This toast is one of my favourite weekend treats. I don’t want to get dramatic, but I believe it might be the mother ship of all toasts . . . I think it will float your boat, too.
Spread 1 Tbsp cream cheese on a thick slice of toasted Italian loaf. Top with a slice of fresh mozzarella cheese, a slice of ripe tomato, a few torn basil leaves, a drizzle of olive oil, and a few drops of balsamic vinegar.
Goat Cheese, Fruit and Honey Crostini
I love how balanced and delicious this toast combo is—the sharp tang of goat cheese with honey and fresh fruit. Use whatever fruit is in season.
Spread a generous amount of goat cheese on each crostini. Top with your favourite seasonal fruits and a drizzle of honey.
Pink Cream Cheese Toast
This garlicky, savoury weekend spread is delicious, but the hot pink colour takes it to another plane of delight. Add slices of avocado or cucumber, if you like. You’re going to want to Instagram your breakfast—you may even want to paint its portrait!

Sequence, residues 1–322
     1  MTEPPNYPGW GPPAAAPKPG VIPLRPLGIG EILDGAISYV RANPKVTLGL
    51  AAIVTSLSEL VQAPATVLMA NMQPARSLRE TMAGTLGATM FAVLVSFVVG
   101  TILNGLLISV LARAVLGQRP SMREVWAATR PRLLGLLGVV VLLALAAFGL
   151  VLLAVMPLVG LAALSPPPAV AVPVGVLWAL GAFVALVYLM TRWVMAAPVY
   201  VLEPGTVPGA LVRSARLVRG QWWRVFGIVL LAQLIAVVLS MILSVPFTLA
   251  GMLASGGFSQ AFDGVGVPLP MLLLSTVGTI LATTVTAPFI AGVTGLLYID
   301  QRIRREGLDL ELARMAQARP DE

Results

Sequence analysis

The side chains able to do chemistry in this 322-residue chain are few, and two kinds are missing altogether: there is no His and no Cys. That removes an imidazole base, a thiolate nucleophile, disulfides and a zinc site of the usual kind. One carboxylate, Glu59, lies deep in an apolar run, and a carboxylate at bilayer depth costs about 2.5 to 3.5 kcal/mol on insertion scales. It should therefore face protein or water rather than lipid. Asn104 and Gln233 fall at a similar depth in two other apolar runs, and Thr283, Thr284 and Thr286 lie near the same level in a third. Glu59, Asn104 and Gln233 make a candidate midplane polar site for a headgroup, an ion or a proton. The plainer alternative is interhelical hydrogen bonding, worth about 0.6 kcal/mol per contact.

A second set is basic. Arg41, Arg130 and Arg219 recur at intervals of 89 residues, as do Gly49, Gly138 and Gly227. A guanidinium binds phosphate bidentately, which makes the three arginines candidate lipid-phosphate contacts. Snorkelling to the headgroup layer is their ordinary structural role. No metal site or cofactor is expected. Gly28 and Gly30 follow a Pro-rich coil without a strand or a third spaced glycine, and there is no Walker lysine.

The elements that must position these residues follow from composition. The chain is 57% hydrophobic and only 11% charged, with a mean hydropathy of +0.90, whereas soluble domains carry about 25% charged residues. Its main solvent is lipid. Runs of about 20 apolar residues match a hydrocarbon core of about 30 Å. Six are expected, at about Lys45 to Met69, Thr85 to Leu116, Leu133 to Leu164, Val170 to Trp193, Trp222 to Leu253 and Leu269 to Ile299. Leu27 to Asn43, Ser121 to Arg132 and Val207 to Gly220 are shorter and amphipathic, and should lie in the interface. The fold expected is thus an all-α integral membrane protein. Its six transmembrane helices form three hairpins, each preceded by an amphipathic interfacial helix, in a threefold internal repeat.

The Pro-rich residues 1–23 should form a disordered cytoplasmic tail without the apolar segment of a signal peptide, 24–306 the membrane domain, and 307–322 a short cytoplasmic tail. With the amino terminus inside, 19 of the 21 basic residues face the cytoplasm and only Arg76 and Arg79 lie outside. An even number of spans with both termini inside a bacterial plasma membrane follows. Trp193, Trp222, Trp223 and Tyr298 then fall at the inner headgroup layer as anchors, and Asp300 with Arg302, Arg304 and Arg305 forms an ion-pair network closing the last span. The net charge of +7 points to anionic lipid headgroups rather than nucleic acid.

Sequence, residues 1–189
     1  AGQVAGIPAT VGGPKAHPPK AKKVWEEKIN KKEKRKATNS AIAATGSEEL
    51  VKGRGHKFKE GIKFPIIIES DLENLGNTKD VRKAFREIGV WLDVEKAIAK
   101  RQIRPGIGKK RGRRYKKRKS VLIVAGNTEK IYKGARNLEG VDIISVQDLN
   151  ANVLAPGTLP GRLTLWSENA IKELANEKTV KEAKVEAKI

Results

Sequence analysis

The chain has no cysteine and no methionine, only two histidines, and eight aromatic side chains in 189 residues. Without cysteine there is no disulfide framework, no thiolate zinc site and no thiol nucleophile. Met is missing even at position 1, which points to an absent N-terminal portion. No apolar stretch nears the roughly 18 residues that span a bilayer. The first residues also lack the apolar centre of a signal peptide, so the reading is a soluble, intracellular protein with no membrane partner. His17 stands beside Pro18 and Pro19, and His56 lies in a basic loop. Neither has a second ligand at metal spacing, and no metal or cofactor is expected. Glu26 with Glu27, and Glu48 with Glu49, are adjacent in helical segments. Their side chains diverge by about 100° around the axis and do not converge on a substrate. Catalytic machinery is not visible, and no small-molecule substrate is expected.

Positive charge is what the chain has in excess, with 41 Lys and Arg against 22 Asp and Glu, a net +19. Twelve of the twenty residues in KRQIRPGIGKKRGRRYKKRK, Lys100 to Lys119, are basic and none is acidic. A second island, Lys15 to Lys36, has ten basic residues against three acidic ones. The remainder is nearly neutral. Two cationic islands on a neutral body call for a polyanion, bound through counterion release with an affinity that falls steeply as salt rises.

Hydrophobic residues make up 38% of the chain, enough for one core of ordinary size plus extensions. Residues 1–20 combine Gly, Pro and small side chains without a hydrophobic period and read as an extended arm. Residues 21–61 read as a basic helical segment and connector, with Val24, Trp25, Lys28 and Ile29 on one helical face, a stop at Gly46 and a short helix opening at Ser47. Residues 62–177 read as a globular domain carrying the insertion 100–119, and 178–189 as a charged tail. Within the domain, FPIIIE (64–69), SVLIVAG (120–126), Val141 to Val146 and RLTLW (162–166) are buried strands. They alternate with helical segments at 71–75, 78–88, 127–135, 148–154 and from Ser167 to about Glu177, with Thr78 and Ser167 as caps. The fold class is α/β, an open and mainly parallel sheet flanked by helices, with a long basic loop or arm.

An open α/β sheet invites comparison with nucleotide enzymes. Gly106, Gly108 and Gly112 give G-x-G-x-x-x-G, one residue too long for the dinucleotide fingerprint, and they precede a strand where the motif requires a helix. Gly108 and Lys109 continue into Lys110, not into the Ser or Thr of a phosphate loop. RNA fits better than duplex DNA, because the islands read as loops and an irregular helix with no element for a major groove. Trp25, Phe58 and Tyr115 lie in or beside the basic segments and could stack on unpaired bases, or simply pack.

In a food processor or blender, combine 8 oz [230 g] cream cheese, 1/2 cup [75 g] drained canned sliced beets, 2 tsp coarsely chopped garlic, and 1/2 tsp salt. Process to a completely smooth purée. Store in an airtight container in the refrigerator for up to 3 days.
Interviews with 200 women from a variety of backgrounds provide a snapshot of female life around the globe. Interviewees include: • Jane Goodall, conservation and animal welfare activist • Margaret Atwood, author and winner of The Booker Prize • Roxane Gay, author and feminist • Renée Montagne, former host of NPR’s Morning Edition • Alicia Garza, activist and co-founder of Black Lives Matter • Alfre Woodard, award-winning actor and activist • Marian Wright Edelman, head of the Children’s Defense Fund • Lydia Ko, professional golfer and Olympian • Dolores Huerta, labor activist, community organizer, and co-founder of the National Farm Workers Association • Alice Waters, chef, author, and food rights advocate • Chimamanda Ngozi Adichie, author and Macarthur Foundation fellow.
Each woman shares her unique reply to the same five questions: What really matters to you?, What brings you happiness?, What do you regard as the lowest depth of misery?, What would you change if you could?, and Which single word do you most identify with?